The joint NASA-German Aerospace Center Gravity Recovery and Climate Experiment (Grace) mission has released its first science product, the most accurate map yet of Earth’s gravity field. Grace is the newest tool for scientists working to unlock secrets of ocean circulation and its effects on climate.
Created from 111 days of selected Grace data to help calibrate and validate the mission’s instruments, this preliminary model improves knowledge of the gravity field so much it is being released to oceanographers now, months in advance of the scheduled start of routine Grace science operations. The data are expected to significantly improve our ability to understand ocean circulation, which strongly influences weather and climate.
Dr. Byron Tapley, Grace principal investigator at the University of Texas’ Center for Space Research, called the new model a feast for oceanographers. “This initial model represents a major advancement in our knowledge of Earth’s gravity field,” Tapley said. “Pre-Grace models contained such large errors many important features were obscured. Grace brings the true state of the oceans into much sharper focus, so we can better see ocean phenomenon that have a strong impact on atmospheric weather patterns, fisheries and global climate change.”
Grace is accomplishing that goal by providing a more precise definition of Earth’s geoid, an imaginary surface defined only by Earth’s gravity field, upon which Earth’s ocean surfaces would lie if not disturbed by other forces such as ocean currents, winds and tides. The geoid height varies around the world by up to 200 meters (650 feet).
"I like to think of the geoid as science’s equivalent of a carpenter’s level. It tells us where horizontal is," Tapley said. “Grace will tell us the geoid with centimeter-level precision.”
So why is knowing the geoid height so important? Dr. Lee-Lueng Fu, Topex/Poseidon and Jason project scientist at NASA’s Jet Propulsion Laboratory, Pasadena, Calif., said, “The ocean’s surface, while appearing flat, is actually covered with hills and valleys caused by currents, winds and tides, and also by variations in Earth’s gravity field. Scientists want to separate out these gravitational effects, so they can improve the accuracy of satellite altimeters like Jason and Topex/Poseidon, which measure sea surface height, ocean heat storage and global ocean circulation. This will give us a better understanding of ocean circulation and how it affects climate."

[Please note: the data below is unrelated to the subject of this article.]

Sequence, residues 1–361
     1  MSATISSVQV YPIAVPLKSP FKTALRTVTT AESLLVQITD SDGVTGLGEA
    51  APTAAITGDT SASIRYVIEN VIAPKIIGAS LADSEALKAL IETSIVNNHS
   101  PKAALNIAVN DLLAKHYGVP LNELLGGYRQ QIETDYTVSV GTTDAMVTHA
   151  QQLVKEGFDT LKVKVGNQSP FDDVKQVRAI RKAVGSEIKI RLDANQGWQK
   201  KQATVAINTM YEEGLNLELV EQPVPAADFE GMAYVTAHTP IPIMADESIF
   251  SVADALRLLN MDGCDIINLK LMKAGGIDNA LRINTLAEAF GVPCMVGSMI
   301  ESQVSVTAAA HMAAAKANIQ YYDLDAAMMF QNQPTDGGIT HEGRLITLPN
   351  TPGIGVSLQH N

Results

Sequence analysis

Dr. Michael Watkins, Grace project scientist at JPL, put improvements to Earth’s gravity model into perspective. "Scientists have studied Earth’s gravity for more than 30 years, using both satellite and ground measurements that were of uneven quality. Using just a few months of our globally uniform quality Grace data, we’ve already improved the accuracy of Earth’s gravity model by a factor of between 10 and nearly 100, depending on the size of the gravity feature. In some locations, errors in geoid height based upon previous data were as much as 1 meter (3.3 feet). Now, we can reduce these errors to a centimeter (.4 inches) in some instances. That’s progress."
Dr. Christoph Reigber, Grace co-principal investigator at GeoForschungsZentrum Potsdam, said, "As we continue to assess and refine Grace’s instruments and subsystems, we’re confident future monthly gravity solutions will be even better than the map we’re releasing now. Those solutions will allow us to investigate processes associated with slow redistribution of mass inside Earth and on its land, ocean and ice surfaces. Our initial attempts to identify such small gravity signals with Grace look very promising."
Grace senses minute variations in gravitational pull from local changes in Earth’s mass by precisely measuring, to a tenth of the width of a human hair, changes in the separation of two identical spacecraft following the same orbit approximately 220 kilometers (137 miles) apart. Grace will map the variations from month to month, following changes imposed by the seasons, weather patterns and short-term climate change.
Grace is a joint partnership between NASA and the German Aerospace Center. The University of Texas’ Center for Space Research has overall mission responsibility. GeoForschungsZentrum Potsdam is responsible for German mission elements. Science data processing, distribution, archiving and product verification are managed under a cooperative arrangement between JPL, the University of Texas and GeoForschungsZentrum Potsdam. JPL is managed for NASA by the California Institute of Technology, Pasadena.
For more information, visit: http://www.csr.utexas.edu/grace or http://www.gfz-potsdam.de/grace. Model images are at: http://photojournal.jpl.nasa.gov/catalog/PIA04652; http://www.csr.utexas.edu/grace; and http://www.gfz-potsdam.de/grace.
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